The VSA nears completion, with eight dishes up on azimuth-elevation mounts, and eight L-band feedhorns in position. Now we can start on the true challenge, designing and testing the electronics for combining all these signals. thumbnail

A view from ground level shows how the grove of arbor vitae and the selected color scheme combine to help mask the eight dishes of the VSA from view. thumbnail

The VSA phasing matrix begins to take shape on the bench. These bias tees and power dividers/combiners will produce four different beam patterns simultaneously, in two orthoginal circular polarizations. thumbnail

VSA volunteers Steve Berger and Jack Weaver, using a rented back-hoe to dig the main cable trench. thumbnail

Two runs of PVC conduit, one carrying coaxial cables and the other for power wiring, are laid in the 33.5 meter long trench. thumbnail

Secondary trenches running along the North-South and East-West baselines will house additional conduits, to carry signals from the eight dishes to phase-combining networks, which will be located in a weatherproof box at the intersection of the trenches. thumbnail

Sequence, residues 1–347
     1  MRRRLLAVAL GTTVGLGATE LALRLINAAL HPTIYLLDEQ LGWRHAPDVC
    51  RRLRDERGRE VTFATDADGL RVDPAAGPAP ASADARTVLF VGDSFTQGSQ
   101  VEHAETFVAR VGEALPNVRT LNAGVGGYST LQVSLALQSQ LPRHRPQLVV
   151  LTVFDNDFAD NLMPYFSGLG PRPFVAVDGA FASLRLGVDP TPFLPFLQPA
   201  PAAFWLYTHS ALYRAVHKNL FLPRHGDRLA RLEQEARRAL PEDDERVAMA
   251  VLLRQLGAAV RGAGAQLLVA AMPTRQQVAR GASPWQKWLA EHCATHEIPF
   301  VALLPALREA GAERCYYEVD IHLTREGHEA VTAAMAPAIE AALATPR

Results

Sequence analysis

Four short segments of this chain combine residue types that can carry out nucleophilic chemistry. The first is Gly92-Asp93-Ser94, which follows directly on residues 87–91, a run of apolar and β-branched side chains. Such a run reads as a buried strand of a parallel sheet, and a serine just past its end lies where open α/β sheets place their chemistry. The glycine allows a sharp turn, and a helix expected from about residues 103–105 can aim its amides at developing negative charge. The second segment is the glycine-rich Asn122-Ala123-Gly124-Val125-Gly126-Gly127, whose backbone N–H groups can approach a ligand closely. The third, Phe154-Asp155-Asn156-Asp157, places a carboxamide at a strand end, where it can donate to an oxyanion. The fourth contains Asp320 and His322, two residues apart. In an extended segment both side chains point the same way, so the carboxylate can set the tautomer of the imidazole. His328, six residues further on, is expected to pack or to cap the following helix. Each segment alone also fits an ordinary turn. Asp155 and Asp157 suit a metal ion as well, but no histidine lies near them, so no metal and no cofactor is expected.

Conduit from each of the dishes, as well as the main conduit run into the station, connects to the main circuit box at the center of the array. thumbnail

Inside the VSA's main junction box, a jumble of cables awaits the installation of a plethora of connectors. thumbnail

Winter has come early to Northern Pennsylvania this year, turning back to white dishes once painted green. This 30 October 2002 photo shows snow falling on still-turning leaves. Thus, all outdoor work on the Very Small Array is suspended until further notice, giving us time to work on the required Low Noise Amplifier design.

The prototype Low Noise Amplifier for the Very Small Array is based upon the Down East Microwave 23ULNACK kits constructed at the SETICon03 Hardware Workshop. Modifications include noise matching for 1.4 GHz, and the addition of a second gain stage. At the 2003 Central States VHF Conference, this prototype measured 0.53 dB noise figure at +31.2 dB gain.

US Patent #6,593,876, "Adaptive Microwave Antenna Array," was granted to Executive Director H. Paul Shuch, and assigned to The SETI League, on 15 July 2003. The patent covers key aspects of the VSA's signal combining technology. See this Press Release for further details.